FDA Issues Warning Against this Medicine Cabinet Staple

Pet owners, beware!

The U.S. Food and Drug Administration (FDA) issued an official warning that topical pain medications containing flurbiprofen are dangerous to animals, especially cats.

Flurbiprofen, one of many non-steroidal, anti-inflammatory drugs (NSAID), is used to treat to relieve the symptoms of arthritis and muscle pain, but even small amounts of the drug can be fatal to feline friends. Most troubling, however, is not that owners carelessly left out their medicine and the cats got into it, or that it was applied directly to the cats, but that trace amounts people applied to themselves then came into contact with their pets and proved deadly.

Two households were impacted.

Two cats in one household developed kidney failure and recovered with veterinary care. Two cats in a second household developed signs that included reluctance to eat, lethargy, vomiting, melena (black, tarry, bloody stools), anemia, and dilute urine. These two cats died despite veterinary care. A third cat in the second household also died after the owner had stopped using the medication. Veterinarians performed necropsies on the three cats that died and found evidence in the kidneys and intestines that were consistent with NSAID toxicity.


At this time it is unclear in what way the cats were exposed to the medicine. Due to this, the FDA recommends pet owners use extreme caution when using flurbiprofen anywhere around animals. They issued the following recommendations:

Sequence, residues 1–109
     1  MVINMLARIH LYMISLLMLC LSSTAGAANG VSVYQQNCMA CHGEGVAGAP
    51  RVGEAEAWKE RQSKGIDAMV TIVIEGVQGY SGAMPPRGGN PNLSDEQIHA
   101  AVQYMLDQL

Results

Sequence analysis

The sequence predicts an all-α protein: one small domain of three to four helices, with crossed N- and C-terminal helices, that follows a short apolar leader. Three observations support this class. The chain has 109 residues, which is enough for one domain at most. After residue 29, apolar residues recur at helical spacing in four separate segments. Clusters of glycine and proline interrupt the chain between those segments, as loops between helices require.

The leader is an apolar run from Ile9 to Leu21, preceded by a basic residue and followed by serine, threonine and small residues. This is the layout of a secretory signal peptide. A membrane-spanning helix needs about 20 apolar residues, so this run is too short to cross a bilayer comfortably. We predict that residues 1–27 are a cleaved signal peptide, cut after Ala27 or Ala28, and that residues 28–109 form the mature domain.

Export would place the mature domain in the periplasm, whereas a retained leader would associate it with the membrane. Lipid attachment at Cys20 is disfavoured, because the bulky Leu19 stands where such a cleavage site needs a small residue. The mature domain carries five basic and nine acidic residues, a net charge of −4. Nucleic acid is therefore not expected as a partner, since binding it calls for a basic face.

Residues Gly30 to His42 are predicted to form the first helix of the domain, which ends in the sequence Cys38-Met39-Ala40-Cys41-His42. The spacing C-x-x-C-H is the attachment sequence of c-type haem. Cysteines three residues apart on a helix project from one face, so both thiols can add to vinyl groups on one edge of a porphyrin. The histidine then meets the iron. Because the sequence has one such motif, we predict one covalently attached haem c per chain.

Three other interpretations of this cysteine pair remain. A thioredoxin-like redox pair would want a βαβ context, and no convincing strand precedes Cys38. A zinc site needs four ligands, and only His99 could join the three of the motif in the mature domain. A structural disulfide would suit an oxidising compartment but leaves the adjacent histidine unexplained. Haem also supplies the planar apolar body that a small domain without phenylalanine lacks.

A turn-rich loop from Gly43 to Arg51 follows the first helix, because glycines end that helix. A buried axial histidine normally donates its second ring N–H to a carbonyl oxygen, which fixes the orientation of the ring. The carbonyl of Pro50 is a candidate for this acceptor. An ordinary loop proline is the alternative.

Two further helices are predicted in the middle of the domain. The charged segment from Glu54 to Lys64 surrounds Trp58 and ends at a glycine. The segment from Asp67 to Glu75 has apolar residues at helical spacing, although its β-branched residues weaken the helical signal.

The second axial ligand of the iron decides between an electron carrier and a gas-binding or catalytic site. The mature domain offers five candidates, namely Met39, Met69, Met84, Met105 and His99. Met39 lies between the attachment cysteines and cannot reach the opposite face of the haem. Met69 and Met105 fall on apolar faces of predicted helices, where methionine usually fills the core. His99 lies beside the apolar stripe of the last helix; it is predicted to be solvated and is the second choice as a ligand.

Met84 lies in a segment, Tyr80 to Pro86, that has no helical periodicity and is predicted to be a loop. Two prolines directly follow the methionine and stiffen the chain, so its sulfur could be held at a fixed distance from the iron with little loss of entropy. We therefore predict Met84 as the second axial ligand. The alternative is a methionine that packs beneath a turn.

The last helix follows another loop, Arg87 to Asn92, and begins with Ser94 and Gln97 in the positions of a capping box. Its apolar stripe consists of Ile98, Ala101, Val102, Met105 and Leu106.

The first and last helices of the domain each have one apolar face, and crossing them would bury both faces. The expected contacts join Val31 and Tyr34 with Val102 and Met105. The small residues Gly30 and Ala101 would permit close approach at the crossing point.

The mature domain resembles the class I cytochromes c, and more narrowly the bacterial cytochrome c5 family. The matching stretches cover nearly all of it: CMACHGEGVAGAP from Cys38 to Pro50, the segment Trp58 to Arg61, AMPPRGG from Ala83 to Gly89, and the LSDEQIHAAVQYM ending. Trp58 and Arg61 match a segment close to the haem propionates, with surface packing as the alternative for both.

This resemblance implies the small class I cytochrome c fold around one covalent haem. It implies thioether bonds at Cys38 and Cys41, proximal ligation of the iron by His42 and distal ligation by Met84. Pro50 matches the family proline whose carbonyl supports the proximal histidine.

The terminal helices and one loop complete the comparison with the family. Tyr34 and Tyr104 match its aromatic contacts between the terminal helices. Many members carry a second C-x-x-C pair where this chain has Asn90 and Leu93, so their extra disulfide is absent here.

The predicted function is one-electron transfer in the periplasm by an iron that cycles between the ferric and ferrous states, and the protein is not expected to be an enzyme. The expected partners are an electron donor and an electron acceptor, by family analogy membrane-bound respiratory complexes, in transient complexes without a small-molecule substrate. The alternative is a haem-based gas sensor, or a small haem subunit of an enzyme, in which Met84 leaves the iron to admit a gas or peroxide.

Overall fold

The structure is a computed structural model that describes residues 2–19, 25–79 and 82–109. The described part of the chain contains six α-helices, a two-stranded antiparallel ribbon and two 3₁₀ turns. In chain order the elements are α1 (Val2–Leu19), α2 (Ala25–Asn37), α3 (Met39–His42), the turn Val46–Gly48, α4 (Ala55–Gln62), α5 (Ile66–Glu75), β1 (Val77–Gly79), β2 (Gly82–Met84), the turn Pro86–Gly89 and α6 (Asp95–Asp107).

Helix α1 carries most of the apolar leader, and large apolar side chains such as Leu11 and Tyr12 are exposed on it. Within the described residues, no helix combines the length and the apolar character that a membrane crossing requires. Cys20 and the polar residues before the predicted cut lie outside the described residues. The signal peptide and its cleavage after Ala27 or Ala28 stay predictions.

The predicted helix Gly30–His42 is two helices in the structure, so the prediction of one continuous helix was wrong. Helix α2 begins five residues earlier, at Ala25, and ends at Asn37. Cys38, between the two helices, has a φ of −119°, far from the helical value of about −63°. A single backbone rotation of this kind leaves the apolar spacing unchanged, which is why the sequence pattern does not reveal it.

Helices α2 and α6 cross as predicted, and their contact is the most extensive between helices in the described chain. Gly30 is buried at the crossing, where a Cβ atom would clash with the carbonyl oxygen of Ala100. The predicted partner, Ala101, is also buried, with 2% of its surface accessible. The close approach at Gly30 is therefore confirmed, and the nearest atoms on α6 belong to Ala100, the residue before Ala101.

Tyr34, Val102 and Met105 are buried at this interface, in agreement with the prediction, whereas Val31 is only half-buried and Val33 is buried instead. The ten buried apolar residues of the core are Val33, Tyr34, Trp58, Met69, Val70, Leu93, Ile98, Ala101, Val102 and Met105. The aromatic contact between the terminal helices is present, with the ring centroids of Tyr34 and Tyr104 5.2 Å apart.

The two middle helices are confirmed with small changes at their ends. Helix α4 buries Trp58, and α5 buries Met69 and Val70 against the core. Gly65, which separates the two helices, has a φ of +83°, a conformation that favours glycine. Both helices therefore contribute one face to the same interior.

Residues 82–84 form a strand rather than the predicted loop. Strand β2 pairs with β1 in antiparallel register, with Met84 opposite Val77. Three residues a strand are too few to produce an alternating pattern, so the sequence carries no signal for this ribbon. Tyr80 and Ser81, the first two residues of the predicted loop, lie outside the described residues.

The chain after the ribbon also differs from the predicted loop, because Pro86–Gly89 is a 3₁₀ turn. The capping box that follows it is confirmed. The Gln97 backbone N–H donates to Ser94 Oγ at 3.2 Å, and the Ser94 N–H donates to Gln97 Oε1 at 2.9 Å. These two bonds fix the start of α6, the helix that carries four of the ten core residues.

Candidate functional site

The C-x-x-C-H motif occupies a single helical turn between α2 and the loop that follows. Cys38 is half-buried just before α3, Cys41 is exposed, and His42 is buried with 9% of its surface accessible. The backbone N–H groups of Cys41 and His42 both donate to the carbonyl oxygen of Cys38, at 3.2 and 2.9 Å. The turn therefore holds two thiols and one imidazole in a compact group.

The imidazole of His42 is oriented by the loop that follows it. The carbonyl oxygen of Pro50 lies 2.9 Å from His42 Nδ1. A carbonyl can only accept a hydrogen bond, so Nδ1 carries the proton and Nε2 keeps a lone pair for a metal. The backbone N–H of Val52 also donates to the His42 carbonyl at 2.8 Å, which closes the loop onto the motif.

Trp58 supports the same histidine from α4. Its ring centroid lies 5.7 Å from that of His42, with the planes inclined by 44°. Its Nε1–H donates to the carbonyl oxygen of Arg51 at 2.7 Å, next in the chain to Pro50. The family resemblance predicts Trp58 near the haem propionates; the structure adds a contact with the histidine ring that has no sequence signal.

• Store all medications safely out of the reach of pets.
  • Safely discard or clean any cloth or applicator that may retain medication and avoid leaving any residues of the medication on clothing, carpeting or furniture.
  • Consult your health care provider on whether it is appropriate to cover the treated area.
  • If you are using topical medications containing flurbiprofen and your pet becomes exposed, bathe or clean your pet as thoroughly as possible and consult a veterinarian.
  • If your pet shows signs such as lethargy, lack of appetite, vomiting, or other illness, seek veterinary care for your pet and be sure to provide the details of the exposure.
  • Understand that, although the FDA has not received reports of dogs or other pets becoming sick in relation to the use of topical pain medications containing flurbiprofen, these animals may also be vulnerable to NSAID toxicity after being exposed to these medications.

If your pet shows any symptoms of flurbiprofen exposure, make sure to get them to a veterinarian right away! Pet owners and veterinarians can also report any adverse events to the FDA.

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